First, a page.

134 N.E.3d 268 (Ohio App. 2 Dist. 2019), 2019CA0047, State ex rel. Cable News Network, Inc. v. Bellbrook-Sugarcreek Local Schools

Docket Nº2019CA0047
Citation134 N.E.3d 268, 2019-Ohio-4187
Opinion JudgePER CURIAM:
Party NameSTATE of Ohio EX REL. CABLE NEWS NETWORK, INC., et al., Relators v. BELLBROOK-SUGARCREEK LOCAL SCHOOLS, et al., Respondents
AttorneyErin Rhinehart, Christopher Hollon, Faruki PLL, Attorneys for Relators Tabitha Justice, Subashi, Wildermuth & Justice, The Greene Town Center, Attorney for Respondents Mark Altier, Office of the Ohio Attorney General, Attorney for Amicus Curiae, Dave Yost, Ohio Attorney General Andrew Storar, Pic...
Judge PanelJEFFREY M. WELBAUM, Presiding Judge, MARY E. DONOVAN, Judge, MICHAEL L. TUCKER, Judge
Case DateOctober 02, 2019
CourtCourt of Appeals of Ohio

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134 N.E.3d 268 (Ohio App. 2 Dist. 2019)


STATE of Ohio EX REL. CABLE NEWS NETWORK, INC., et al., Relators



No. 2019CA0047

Court of Appeals of Ohio, Second District, Greene

October 2, 2019

Page 269

[Copyrighted Material Omitted]

Page 270

Erin Rhinehart, Christopher Hollon, Faruki PLL, Attorneys for Relators

Tabitha Justice, Subashi, Wildermuth & Justice, The Greene Town Center, Attorney for Respondents

Mark Altier, Office of the Ohio Attorney General, Attorney for Amicus Curiae, Dave Yost, Ohio Attorney General

Andrew Storar, Pickrel Schaeffer & Ebeling Co. LPA, Attorney for Relator, WDTN-TV2




[¶ 1] Relator News Agencies seek a writ of mandamus to compel Bellbrook-Sugarcreek Local Schools to release records about a former student. The student, Connor Betts, graduated from Bellbrook High School in 2013 and is deceased. The News Agencies1 assert that the records they requested from the School2 are public records that must be disclosed under Ohio’s Public Records Act, R.C. 149.43. They posit that Betts’ right to privacy in his school records terminated upon his death and that the records must therefore be released.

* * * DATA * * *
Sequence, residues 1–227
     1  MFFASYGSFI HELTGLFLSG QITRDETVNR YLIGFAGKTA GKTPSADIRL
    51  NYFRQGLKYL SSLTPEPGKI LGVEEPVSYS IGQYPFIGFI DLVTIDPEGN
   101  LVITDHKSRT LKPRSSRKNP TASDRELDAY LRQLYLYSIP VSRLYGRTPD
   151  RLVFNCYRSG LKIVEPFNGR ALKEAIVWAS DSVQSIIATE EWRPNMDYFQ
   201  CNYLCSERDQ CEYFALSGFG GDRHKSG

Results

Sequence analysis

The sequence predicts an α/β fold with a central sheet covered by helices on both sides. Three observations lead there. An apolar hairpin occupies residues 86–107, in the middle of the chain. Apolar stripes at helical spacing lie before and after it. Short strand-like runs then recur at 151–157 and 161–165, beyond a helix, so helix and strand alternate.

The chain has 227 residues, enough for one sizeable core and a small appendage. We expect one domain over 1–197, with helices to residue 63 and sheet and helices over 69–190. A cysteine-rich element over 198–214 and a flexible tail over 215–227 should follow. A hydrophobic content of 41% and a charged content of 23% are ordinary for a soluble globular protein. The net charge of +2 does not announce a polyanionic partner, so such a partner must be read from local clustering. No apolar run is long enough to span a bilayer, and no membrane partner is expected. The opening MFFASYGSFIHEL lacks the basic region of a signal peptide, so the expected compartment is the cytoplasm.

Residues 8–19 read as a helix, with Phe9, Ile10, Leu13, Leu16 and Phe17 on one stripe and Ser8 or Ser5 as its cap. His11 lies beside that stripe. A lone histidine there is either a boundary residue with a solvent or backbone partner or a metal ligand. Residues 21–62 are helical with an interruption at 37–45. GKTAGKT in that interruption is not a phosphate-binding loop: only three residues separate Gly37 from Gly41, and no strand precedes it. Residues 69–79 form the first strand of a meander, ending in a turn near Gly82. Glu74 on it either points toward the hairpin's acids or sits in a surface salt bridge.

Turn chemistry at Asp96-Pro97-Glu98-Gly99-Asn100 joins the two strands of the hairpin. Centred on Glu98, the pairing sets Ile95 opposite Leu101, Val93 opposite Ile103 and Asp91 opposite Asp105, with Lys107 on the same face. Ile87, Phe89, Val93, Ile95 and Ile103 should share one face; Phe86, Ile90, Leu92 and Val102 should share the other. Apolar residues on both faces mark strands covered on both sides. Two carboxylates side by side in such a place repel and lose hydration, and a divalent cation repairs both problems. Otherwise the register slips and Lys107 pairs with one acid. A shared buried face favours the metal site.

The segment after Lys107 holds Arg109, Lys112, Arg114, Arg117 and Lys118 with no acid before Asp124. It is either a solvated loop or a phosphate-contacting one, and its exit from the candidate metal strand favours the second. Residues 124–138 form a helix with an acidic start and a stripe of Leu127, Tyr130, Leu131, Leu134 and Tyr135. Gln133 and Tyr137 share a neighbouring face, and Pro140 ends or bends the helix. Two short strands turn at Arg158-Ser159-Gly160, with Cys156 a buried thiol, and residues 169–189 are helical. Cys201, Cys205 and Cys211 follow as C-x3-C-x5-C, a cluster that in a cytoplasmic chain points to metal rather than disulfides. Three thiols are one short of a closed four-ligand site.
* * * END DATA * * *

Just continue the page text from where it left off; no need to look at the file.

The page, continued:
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[¶ 2] The School asserts that the records are confidential education records, the release of which is prohibited by state and federal law, and therefore may not be released. The School argues that the relevant law contains no exception for the death of an adult former student. It asserts that it properly denied the public records requests presented to it.

[¶ 3] We conclude that a writ of mandamus will not issue, as the News Agencies have not shown that the School has a clear legal duty to release Betts’ school records.


[¶ 4] On August 4, 2019, Connor Betts killed nine people, injuring 27 more during a mass shooting in which he was also killed. He was 24 years old at the time and a 2013 graduate of Bellbrook High School.

[¶ 5] In the days after August 4, the News Agencies electronically submitted public records requests to the School for records, including disciplinary records, concerning Betts. The School released "directory information" for Betts but otherwise denied the requests for records.